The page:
Aravax - peanut allergy
Allergy to peanuts is a life-threatening condition for many individuals and there currently is no cure. Monash researchers working in conjunction with Alfred Health have developed a specific peptide immunotherapy as a safe treatment for peanut allergy, based on experience with other allergies such as grass pollen. The novel technology uses selected fragments of peanut proteins to switch off allergic responses, and does not involve the nut proteins that cause the life-threatening reactions that make many other proposed peanut vaccines unsafe. Unlike other vaccines, this vaccine would also not need life-long daily dosing.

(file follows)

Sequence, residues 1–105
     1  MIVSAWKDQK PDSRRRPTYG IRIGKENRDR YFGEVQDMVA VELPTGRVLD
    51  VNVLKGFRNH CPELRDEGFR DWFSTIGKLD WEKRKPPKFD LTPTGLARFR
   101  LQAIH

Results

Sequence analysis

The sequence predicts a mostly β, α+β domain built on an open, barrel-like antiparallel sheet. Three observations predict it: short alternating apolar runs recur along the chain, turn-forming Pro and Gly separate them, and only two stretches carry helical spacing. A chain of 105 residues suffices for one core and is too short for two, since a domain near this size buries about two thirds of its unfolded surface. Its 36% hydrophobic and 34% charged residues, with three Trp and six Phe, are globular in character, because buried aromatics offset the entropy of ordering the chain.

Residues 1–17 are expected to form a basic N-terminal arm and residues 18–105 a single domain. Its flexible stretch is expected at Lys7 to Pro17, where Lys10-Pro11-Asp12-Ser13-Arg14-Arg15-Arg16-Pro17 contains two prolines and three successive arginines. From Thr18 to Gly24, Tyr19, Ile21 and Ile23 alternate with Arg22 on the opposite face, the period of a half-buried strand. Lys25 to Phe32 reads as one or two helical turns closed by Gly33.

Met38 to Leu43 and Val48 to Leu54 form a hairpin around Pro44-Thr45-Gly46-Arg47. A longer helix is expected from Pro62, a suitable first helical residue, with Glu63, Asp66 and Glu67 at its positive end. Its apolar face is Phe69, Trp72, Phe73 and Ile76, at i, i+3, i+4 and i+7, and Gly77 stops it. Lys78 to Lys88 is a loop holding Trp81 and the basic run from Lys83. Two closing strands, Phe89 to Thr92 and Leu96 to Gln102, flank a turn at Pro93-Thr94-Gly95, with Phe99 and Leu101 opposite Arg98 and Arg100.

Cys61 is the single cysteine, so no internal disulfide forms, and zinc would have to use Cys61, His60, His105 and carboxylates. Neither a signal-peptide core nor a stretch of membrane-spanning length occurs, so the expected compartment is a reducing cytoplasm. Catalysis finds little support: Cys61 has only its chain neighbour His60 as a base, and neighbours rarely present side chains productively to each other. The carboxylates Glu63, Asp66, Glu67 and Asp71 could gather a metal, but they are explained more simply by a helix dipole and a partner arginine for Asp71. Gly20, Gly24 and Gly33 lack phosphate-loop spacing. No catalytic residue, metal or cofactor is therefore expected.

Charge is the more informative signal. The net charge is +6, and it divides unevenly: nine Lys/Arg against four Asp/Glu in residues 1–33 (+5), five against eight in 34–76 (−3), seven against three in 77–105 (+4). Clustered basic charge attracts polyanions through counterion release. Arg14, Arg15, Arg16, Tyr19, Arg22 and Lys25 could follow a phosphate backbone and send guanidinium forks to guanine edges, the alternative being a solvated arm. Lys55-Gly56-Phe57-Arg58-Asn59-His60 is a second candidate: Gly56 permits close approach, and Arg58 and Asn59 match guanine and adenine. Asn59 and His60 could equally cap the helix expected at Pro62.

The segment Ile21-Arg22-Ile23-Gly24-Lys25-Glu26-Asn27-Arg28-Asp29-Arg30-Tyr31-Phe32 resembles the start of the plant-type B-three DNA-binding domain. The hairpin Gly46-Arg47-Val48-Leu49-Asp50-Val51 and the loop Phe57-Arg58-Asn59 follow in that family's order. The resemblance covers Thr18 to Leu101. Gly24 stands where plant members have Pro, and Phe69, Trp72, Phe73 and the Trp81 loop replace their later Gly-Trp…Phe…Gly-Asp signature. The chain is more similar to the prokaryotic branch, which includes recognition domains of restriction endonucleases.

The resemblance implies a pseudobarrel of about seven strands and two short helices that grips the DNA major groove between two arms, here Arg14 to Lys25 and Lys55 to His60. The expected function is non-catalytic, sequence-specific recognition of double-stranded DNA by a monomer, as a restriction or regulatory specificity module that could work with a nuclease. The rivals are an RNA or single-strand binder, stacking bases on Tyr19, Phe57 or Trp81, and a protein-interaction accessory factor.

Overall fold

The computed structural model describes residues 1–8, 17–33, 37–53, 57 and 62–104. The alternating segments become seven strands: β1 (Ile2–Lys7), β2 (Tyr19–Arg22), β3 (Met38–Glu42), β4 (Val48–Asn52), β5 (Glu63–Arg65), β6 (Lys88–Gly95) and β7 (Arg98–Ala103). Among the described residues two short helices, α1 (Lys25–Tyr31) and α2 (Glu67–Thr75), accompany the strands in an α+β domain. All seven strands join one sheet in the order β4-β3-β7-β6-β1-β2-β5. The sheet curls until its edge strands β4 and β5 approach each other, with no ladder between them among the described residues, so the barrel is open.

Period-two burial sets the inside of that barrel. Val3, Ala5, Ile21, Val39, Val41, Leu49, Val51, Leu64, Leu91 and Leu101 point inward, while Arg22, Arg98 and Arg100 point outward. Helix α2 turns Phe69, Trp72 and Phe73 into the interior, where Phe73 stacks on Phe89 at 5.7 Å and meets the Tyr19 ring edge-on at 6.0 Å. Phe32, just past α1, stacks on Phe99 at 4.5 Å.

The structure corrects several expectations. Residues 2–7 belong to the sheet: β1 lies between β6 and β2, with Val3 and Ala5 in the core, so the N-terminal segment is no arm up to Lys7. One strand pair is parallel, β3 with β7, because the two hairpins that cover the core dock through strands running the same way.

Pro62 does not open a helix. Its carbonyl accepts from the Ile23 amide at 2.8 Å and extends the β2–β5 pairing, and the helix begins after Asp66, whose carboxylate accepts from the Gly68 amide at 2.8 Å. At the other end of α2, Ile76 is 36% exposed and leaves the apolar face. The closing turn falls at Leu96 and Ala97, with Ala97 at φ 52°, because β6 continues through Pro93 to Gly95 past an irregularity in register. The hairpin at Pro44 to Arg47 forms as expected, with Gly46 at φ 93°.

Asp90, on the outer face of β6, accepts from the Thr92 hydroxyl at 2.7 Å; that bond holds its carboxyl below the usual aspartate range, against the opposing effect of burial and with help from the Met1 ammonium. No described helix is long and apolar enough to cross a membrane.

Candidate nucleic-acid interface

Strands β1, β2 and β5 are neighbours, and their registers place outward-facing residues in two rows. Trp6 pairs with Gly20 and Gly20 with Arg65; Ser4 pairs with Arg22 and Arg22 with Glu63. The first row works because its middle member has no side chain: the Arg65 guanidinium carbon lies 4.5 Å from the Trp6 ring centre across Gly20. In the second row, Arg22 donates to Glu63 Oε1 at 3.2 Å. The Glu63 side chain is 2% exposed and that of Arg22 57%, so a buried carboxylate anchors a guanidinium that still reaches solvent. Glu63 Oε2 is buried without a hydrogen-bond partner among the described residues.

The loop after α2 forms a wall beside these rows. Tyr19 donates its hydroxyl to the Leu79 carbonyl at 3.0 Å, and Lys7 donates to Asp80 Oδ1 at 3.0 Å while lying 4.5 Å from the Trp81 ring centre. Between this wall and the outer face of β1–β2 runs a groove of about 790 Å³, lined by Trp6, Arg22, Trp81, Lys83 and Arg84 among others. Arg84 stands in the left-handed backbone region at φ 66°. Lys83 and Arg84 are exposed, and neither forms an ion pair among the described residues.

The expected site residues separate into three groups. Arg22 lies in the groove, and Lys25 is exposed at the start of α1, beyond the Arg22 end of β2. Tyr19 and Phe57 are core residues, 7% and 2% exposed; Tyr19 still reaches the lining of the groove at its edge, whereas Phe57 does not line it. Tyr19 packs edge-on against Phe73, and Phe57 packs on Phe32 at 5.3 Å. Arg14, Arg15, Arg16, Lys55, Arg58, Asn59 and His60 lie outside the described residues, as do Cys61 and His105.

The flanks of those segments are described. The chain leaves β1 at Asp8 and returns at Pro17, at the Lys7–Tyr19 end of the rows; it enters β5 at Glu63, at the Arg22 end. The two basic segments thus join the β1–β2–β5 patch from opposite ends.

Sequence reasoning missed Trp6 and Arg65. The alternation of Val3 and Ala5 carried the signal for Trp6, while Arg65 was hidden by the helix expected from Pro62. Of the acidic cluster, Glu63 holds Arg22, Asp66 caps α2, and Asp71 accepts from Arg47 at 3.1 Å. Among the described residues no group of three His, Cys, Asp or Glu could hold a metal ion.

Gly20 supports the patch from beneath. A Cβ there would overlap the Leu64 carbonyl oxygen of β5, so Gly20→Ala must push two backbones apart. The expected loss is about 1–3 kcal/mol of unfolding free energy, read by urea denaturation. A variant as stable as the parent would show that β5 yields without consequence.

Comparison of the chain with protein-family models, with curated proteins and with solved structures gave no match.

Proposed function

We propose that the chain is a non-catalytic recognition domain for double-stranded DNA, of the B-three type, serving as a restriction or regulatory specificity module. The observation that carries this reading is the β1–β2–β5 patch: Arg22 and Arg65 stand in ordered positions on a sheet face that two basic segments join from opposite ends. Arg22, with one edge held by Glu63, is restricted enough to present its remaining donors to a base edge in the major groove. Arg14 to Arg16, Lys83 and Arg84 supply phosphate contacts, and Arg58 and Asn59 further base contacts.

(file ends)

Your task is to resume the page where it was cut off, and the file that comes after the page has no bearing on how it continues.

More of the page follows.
Aravax is a spinout company that has been created to develop this exciting new treatment, with support from the NHMRC, the Alfred Hospital Trust, the Ilhan Food Allergy Foundation and nearly $5M from the Medical Research Commercialisation Fund.
In February 2019, Aravax announced successful completion of Phase 1 clinical studies. The data showed that PVX108 has a highly favorable safety profile, even in patients with severe peanut allergies. This is a significant advance compared with other immunotherapeutic approaches to peanut allergy, which are sometimes associated with incidents of severe allergic reactions.